Which of the physical sciences does CMI believe in?
A detailed answer to a simple question
D.M. from the UK wrote in, sarcastically asking:
“Which of the physical sciences do you believe in?”
Dr Robert Carter, CMI-US, responds:
Fantastic question! The short answer is, “All of them.” In fact just looking at a list of the people who work for CMI, I see PhDs in physics, nuclear physics, engineering, radiotelescopes and antenna design, geomorphology, molecular biology, plant science, plant nutrition, forestry, physical chemistry, zoology, and marine biology. We also have a medical doctor or two. This does not include the many other highly qualified people at CMI with up to master’s-level degrees. In short, we love science! We also have several theologians and educators on staff, to make for a very well-rounded group.
However, that was not really what you were asking. Instead, what you meant to do was ask why we reject naturalism as an overarching philosophical framework for our science. In fact, you equivocated. Essentially, unless I am very much mistaking the tone of the question, you assumed we reject ‘science’ where in fact what we reject is a certain philosophical approach to science. Your approach, in the end, does not work, for it is filled with fatal flaws; Evolution’s Achilles’ Heels, as it were. See also Who’s really pushing ‘bad science’?
It was the Christian worldview that gave birth to modern science. That is clear from history. That worldview was later hijacked. We went from a methodological approach to knowledge, based on our understanding of the character and nature of our Creator, to methodological naturalism, which cuts God completely out of the equation. But what we are left with is a method with no reason for its existence. In the Christian worldview, there is a reason for why things are the way they are. Under naturalism, they just are, and there is really no reason to expect things to always behave the same way throughout all time and across the universe. This method cannot actually do what it wants to do—explain the universe without invoking design or a designer.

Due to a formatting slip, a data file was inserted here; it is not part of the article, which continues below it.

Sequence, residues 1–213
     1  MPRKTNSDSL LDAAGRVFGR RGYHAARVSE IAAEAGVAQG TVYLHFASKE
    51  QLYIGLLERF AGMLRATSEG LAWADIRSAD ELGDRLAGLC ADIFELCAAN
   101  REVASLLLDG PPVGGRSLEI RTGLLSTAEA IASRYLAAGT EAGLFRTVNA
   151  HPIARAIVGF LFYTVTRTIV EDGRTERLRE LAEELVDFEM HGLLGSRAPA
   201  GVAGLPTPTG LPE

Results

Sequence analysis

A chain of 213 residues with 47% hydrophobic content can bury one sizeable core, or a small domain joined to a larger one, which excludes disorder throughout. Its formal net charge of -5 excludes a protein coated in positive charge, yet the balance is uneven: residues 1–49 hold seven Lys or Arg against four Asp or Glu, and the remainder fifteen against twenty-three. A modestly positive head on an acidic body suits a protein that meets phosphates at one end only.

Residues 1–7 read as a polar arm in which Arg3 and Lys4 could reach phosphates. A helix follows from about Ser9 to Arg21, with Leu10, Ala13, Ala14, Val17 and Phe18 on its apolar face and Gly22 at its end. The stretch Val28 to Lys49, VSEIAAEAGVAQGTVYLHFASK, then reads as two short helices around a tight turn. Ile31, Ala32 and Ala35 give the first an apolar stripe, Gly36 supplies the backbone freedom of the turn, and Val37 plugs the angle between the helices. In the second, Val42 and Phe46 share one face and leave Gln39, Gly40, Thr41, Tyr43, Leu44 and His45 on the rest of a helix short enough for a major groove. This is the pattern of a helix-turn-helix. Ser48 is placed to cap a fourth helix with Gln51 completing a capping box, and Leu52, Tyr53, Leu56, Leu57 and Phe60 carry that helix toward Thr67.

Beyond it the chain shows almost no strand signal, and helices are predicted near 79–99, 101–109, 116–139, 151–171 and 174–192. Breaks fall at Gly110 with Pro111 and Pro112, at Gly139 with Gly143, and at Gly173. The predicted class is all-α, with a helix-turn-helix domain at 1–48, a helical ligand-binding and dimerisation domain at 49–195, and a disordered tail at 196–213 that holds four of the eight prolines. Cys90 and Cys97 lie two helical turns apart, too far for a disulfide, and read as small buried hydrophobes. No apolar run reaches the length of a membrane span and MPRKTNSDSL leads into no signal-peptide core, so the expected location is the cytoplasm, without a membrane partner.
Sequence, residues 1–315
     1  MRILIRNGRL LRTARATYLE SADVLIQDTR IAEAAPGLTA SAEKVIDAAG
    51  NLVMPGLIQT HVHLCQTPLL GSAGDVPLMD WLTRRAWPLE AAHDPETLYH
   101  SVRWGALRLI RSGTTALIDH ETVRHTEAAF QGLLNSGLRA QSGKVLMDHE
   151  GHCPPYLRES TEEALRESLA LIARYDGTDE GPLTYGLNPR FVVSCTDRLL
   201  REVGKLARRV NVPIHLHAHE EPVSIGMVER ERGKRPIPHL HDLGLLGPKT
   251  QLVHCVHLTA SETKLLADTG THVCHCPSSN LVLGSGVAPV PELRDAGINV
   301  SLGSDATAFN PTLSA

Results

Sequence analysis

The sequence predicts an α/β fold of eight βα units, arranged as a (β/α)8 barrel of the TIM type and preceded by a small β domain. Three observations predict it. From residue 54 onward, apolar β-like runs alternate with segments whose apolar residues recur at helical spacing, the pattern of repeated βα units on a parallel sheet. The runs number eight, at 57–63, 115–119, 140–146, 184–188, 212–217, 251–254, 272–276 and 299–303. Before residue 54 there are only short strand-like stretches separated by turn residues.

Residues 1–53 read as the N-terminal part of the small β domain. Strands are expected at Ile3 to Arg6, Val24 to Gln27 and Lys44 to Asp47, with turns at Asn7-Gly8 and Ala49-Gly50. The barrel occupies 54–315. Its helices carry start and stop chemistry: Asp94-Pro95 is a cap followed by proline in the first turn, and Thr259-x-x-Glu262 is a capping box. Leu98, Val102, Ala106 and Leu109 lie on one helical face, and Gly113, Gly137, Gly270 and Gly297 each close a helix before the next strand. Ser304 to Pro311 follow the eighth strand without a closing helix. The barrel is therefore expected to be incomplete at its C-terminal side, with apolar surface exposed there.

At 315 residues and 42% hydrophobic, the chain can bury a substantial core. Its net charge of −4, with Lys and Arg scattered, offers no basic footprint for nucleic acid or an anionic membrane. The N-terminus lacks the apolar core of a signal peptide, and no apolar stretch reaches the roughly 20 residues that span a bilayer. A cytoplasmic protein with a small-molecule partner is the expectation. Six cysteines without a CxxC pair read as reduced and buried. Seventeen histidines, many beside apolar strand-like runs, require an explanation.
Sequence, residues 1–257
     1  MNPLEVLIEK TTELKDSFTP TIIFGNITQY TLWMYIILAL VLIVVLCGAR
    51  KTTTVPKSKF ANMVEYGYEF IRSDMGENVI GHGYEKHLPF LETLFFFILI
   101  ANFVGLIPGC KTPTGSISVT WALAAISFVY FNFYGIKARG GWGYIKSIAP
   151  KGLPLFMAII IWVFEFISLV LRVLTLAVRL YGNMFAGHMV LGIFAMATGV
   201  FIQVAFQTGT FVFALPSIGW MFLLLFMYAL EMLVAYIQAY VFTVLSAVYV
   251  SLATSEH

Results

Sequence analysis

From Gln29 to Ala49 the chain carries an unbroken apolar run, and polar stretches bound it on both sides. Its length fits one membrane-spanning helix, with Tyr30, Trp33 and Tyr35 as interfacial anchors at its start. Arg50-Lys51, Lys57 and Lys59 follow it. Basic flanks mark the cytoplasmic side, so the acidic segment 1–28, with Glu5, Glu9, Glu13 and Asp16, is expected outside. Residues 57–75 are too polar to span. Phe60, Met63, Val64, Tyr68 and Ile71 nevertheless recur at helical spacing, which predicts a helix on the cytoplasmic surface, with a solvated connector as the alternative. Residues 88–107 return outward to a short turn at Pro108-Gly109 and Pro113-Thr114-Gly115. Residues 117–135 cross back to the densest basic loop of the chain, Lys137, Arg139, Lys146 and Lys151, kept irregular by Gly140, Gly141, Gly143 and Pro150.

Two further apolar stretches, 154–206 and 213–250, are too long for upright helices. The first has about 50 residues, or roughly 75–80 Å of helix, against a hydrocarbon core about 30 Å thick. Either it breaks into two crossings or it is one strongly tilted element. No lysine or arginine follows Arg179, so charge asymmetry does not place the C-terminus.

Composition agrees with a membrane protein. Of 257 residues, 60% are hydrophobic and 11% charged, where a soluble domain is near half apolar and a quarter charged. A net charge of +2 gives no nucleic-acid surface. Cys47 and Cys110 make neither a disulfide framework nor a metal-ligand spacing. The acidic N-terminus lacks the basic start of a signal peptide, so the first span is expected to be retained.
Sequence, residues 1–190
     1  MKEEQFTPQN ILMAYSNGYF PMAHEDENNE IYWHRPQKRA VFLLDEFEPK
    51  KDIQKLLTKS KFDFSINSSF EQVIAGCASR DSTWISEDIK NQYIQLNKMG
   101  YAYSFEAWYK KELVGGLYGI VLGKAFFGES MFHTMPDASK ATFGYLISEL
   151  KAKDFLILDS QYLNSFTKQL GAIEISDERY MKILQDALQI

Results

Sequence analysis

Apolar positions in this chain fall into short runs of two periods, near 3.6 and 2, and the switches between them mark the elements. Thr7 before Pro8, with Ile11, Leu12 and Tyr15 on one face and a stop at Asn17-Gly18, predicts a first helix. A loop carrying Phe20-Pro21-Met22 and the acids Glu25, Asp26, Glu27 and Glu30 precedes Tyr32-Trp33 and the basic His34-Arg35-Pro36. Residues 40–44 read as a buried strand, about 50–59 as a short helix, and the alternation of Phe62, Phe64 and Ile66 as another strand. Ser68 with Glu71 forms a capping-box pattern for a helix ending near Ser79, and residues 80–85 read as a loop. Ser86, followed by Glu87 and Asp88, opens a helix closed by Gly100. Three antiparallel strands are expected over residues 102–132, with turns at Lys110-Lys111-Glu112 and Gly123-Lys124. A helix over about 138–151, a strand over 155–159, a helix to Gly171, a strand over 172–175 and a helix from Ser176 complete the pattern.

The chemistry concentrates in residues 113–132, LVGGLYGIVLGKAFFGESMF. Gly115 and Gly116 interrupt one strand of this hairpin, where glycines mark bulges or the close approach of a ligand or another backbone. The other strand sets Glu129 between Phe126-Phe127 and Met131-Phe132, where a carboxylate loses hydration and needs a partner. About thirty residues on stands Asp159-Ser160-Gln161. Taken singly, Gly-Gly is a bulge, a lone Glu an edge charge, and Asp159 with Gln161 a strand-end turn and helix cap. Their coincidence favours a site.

As I explained in another article:
Naturalism cannot explain origins. It fails on multiple fronts. In fact, this failure was the subject of a major book and documentary project of CMI called Evolution’s Achilles’ Heels. Evolution cannot explain the source of the big bang, the reason why the universe expanded so fast (during the “inflationary period” the size is claimed to have increased millions of times over in one quintillionth of a femtosecond–for no known physical reason), the reason why the expansion slowed to the current rate, how stars form from clouds of gas, why Jupiter has half the rotational kinetic energy in the solar system, why Uranus is lying on its side, how life arose from random chemicals, how complex life arose from bacteria, how sexual reproduction came about, where the human mind came from, etc., etc. See also 15 Questions for Evolutionists.
D. replied (note: links to articles on Creation.com have been added to his message):
Thanks for your reply on “in which physical sciences do you believe?” My interest is not in how you become increasingly convoluted in trying to fit all the well proven facts across every branch of science that the earth is indubitably billions of years old, but how you cope with the weekly discoveries across the world. Eg last week that archaeologists have found evidence of man in Australia some 65,000 years ago. Or that when Arabia was green and fertile, tools have been found thought to be over 250,000 years ago.
You can’t believe in palaeontology or geology when these figures come out? I do appreciate that it must cause difficulties for you when the Bible is continually shown to be just a nice collection of fairy stories? Dinosaurs and men in the Ark? All together? Farcical…
Robert Carter responded:
David, you have done nothing to further the discussion except hurl elephants with a strong dose of invective. Every point you made has an answer. In fact, I suspect you already know how we would answer each of your new charges, but I took the liberty of adding hyperlinks to your second message. Thank you for the opportunity. We decided to turn these into a weekend feedback article.
Re-featured on homepage: 22 April 2023